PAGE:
Classical: Austro-Hungarian Orchestra; Queen Elizabeth Hall, London

Convention has it that Haydn is bad box-office and so are Mondays. But on two successive Mondays - last week at the Barbican and this week at the Royal Festival Hall - large, appreciative audiences greeted two orchestras, both from similar parts of the world, one in a concert entirely of Haydn, the other largely Haydn, where "conventional" was hardly a suitable description.

Visits by Nikolaus Harnoncourt are less rare nowadays, but visits by Harnoncourt with his orchestra, the legendary Vienna Concentus Musicus, are much rarer. His Barbican performance kicked off a new series under the inauspicious title of "Group Dynamics" in which artists are shared between concert halls in London and Berlin.

Concentus Musicus is a "grand old group" in historical performance terms. Not until they had rehearsed for four years did they venture to give their first performance, and that was back in 1957. Nowadays, judging from the age of most of the performers, few, if any, can have experienced that intensive study. In two symphonies (Nos 52 and 31), Harnoncourt allowed the valveless horns to have their heads, so that they dominated the texture to startling effect while showing that as instruments they're as hard to tame as the animals they're supposed to hunt out. It was not until the arrival of that impeccably musical soprano, Barbara Bonney, that much heart came into the proceedings. In two arias from Il mondo della luna and L'infedelta delusa, and the dramatic Scena di Berenice, Bonney was in radiant voice, blessing her notes with largely forbidden vibrato.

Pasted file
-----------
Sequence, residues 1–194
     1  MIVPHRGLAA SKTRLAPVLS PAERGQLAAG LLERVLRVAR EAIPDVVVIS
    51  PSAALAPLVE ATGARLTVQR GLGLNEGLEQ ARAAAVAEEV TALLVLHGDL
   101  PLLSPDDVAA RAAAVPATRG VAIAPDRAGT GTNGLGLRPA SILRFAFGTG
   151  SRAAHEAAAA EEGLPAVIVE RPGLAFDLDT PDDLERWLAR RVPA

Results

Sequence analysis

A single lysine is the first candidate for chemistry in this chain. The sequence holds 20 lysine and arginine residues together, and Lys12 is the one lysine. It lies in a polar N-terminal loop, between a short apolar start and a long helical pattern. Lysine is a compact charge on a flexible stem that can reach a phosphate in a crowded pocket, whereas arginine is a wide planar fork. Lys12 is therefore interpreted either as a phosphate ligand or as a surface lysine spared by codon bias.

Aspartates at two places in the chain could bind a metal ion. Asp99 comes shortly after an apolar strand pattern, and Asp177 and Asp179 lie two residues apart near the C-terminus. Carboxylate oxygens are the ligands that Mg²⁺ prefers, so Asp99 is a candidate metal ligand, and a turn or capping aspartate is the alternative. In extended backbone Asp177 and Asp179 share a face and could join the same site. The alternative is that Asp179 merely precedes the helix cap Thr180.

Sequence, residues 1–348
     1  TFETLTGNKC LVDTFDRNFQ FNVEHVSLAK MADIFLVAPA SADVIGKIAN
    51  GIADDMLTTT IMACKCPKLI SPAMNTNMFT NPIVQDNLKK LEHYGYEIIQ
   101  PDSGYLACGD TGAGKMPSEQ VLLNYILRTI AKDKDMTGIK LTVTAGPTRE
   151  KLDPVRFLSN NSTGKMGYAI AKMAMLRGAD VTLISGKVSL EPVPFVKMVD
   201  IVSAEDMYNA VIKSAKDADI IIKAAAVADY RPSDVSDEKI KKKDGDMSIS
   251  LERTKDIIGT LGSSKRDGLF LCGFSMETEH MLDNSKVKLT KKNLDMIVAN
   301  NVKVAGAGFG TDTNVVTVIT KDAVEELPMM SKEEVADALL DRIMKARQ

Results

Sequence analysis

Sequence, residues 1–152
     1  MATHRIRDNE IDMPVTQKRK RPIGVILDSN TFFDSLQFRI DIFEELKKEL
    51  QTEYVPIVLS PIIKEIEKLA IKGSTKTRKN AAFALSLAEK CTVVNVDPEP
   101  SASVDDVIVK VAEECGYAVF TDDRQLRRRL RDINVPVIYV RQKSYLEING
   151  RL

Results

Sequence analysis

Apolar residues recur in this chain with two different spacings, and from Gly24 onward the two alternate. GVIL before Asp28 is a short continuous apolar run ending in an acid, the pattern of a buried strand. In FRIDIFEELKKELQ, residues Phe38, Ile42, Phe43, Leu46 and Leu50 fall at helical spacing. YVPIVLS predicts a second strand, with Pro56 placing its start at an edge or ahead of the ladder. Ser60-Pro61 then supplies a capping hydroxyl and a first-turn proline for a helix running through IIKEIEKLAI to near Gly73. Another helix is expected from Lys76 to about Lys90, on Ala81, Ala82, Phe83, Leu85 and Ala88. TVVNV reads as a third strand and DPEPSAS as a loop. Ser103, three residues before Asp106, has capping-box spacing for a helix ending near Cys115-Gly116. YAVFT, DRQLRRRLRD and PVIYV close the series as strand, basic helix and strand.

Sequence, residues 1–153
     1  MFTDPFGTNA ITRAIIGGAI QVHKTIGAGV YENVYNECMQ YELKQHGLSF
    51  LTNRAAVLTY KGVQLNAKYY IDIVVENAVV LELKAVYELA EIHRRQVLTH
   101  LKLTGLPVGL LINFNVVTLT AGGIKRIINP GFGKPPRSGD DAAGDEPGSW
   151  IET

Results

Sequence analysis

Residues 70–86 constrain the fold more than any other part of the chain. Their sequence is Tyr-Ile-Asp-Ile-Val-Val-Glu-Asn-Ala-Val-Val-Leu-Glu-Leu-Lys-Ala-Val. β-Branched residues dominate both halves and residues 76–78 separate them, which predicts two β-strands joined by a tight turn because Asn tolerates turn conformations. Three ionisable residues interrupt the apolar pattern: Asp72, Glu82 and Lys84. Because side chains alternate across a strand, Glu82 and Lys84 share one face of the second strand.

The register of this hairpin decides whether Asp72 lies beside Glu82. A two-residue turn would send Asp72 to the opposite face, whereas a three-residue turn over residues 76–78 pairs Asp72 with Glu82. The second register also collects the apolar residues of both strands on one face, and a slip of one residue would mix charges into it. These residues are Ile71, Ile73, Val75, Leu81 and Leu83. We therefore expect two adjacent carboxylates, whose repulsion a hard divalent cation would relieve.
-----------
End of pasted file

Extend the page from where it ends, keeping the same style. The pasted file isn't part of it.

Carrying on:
Adam Fischer's Austro-Hungarian Haydn Orchestra is, compared with Concentus Musicus, very young indeed, founded only in 1987, although the members generally look older. The orchestra, normally no more than 45 (the number Haydn had available to him), is drawn from soloists, chamber musicians and members of leading orchestras in both Austria and Hungary.

If Harnoncourt is head, Fischer is heart. The playing is informed by a grace and lightness far removed from schlag und schmaltz. Within small- scale interpretations, Fischer attends to the minutest detail with loving care that is exquisitely musical. In Haydn's overture to La fedelta premiata and the Farewell Symphony (No 45), he drove a dramatic punch and was rewarded by scintillating ensemble playing. For Mahler's Fourth Symphony, the orchestra virtually tripled on stage, although this was still small-scale Mahler. Fischer brought lightness, the big climaxes good-willed rather than menacing. His "attacca" into the fourth movement brought a palpable gasp from the audience as tension from the emotional rack of the third movement was released by the music rather than by the arrival on stage of an over-decked soprano. Patricia Rozario sang simply and sensitively; a delight met by the most quietly attentive audience I've witnessed for some time - unconventional indeed.